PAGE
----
Attacking Lobbyist Corruption at its Core: Campaign Money

July 31, 2014

Attacking Lobbyist Corruption at its Core: Campaign Money

Bennet Legislation Would Set Limits on Campaign Fundraising by Lobbyists

WASHINGTON, D.C. – Legislation introduced today by U.S. Sen. Michael Bennet (D-Colo.) would dramatically reduce the ability of lobbyists to curry favor with lawmakers through excessive campaign contributions, said Public Citizen, which is endorsing the measure. The “Lobbying and Campaign Finance Reform Act of 2014” addresses one of the key sources of lobbyist corruption: campaign money.

“No single legislative measure could do more to lessen the public’s skepticism of Capitol Hill than to break the potentially corrupting nexus between lobbyists, money and lawmakers,” said Craig Holman, government affairs lobbyist for Public Citizen’s Congress Watch division. “This legislation would achieve precisely that.”

Bennet’s legislative proposal is short and simple but sweeping in impact. It recognizes the right of lobbyists to make campaign contributions in the same amount as any other individual, but would count any contributions collected, solicited and bundled from others by a lobbyist against that lobbyist’s own individual contribution limit – which today is $2,600 per candidate per election. The measure also lowers the threshold that triggers lobby registration and prohibits members of Congress from soliciting campaign donations from lobbyists while Congress is in session.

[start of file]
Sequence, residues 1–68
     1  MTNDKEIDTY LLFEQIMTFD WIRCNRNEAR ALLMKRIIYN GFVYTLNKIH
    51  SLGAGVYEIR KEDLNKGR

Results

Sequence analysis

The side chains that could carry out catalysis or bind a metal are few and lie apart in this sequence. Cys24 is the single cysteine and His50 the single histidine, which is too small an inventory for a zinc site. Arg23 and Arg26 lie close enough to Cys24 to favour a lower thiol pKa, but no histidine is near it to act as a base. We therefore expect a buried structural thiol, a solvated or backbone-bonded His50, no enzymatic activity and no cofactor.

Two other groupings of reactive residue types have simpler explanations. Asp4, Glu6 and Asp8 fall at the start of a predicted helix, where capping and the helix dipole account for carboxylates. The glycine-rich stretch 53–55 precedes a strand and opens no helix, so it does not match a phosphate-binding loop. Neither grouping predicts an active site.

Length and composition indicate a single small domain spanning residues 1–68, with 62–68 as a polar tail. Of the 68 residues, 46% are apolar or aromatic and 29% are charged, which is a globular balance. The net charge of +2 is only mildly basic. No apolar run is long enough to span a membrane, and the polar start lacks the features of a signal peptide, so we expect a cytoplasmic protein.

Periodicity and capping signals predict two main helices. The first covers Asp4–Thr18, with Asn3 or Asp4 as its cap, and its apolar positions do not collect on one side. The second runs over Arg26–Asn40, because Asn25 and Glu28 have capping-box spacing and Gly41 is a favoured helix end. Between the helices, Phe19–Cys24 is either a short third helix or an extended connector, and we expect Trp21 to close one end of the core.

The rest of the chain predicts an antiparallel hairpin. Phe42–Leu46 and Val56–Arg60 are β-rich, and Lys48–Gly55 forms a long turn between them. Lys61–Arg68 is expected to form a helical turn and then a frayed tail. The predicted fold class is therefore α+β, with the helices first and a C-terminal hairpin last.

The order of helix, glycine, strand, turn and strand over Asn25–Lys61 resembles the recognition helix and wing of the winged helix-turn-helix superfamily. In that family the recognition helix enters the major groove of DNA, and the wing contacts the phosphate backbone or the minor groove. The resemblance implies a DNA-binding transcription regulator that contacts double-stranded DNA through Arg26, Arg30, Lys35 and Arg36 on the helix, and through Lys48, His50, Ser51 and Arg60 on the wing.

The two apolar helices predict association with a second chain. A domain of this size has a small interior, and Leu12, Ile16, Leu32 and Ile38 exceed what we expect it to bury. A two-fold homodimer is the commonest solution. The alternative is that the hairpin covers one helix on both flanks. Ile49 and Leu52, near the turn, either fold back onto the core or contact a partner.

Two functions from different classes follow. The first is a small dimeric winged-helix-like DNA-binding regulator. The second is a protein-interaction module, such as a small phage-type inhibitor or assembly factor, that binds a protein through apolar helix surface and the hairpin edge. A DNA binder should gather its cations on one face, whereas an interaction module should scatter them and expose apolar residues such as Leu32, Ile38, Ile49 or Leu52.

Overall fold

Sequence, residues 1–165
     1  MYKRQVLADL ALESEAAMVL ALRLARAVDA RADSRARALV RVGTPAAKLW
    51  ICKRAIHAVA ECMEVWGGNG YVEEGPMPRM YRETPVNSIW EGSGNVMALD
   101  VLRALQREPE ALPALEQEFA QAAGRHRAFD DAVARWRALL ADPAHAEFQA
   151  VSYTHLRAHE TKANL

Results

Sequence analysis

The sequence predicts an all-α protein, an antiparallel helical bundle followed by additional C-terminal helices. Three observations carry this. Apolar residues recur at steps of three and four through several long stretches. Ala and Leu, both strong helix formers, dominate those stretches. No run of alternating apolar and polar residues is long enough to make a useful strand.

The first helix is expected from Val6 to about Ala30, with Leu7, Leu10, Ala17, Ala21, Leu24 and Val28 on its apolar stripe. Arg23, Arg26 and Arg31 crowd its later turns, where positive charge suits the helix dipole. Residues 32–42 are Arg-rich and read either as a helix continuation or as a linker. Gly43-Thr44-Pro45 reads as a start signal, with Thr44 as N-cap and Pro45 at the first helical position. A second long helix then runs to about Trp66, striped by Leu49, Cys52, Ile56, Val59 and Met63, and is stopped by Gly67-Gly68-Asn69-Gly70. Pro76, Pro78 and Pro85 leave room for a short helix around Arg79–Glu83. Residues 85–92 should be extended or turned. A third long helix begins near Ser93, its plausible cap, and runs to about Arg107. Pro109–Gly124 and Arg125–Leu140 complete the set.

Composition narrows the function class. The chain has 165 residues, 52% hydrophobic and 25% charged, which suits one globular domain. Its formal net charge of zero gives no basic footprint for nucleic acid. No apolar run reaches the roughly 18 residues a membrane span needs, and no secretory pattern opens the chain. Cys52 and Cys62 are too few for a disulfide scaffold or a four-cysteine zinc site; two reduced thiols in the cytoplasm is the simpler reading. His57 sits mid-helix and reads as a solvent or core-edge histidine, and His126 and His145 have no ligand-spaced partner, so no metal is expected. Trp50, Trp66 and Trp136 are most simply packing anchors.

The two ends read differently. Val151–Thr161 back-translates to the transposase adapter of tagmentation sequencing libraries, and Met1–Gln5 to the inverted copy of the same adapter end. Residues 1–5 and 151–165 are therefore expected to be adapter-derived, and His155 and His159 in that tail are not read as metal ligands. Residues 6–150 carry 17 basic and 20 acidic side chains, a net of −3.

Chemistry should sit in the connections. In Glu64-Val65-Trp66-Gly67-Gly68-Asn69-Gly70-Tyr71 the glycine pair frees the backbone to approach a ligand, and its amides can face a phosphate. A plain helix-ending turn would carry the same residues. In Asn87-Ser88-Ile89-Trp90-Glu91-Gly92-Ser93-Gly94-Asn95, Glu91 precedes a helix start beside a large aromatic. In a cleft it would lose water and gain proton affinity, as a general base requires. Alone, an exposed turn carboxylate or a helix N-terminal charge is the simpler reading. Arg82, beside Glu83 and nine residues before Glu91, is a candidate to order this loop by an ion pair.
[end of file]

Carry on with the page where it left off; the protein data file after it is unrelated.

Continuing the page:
Public Citizen has joined a coalition of eight civic organizations in endorsing the measure.

“Bundling has long been one of the most powerful tools in lobbyists’ toolkits to advance the goal of influence-peddling,” said Lisa Gilbert, director of Public Citizen’s Congress Watch division. “Instead of just handing over to a campaign the individual limit of $2,600, well-connected lobbyists can get 100 of their wealthy friends to chip in and then hand over $260,000 in bundled contributions. That kind of money can buy a lot of favors. This legislation would limit that purchasing ability.”

Because of their close networks of business relations within a company or an industry, lobbyists often are very effective at bundling large amounts of campaign contributions – a skill that speaks loudly among lawmakers. And unlike all other occupations, professional lobbyists are paid solely to influence government. No other private occupation can claim such a unique public sector function, Holman said. As such, courts have generally been inclined to allow special regulations and disclosure requirements for lobbyists otherwise applicable to public officials.

“The Lobbying and Campaign Finance Reform Act of 2014 is succinct, unambiguous legislation that respects the rights of lobbyists to participate in elections while reining in the very real potential for lobbyist corruption at its core,” Holman said. “The measure deserves our support.”

Read the coalition letter endorsing the measure.

View a report by the American Bar Association Task Force on Federal Lobbying Laws for an explanation on the constitutionality of restricting lobbyists’ ability to raise campaign money.

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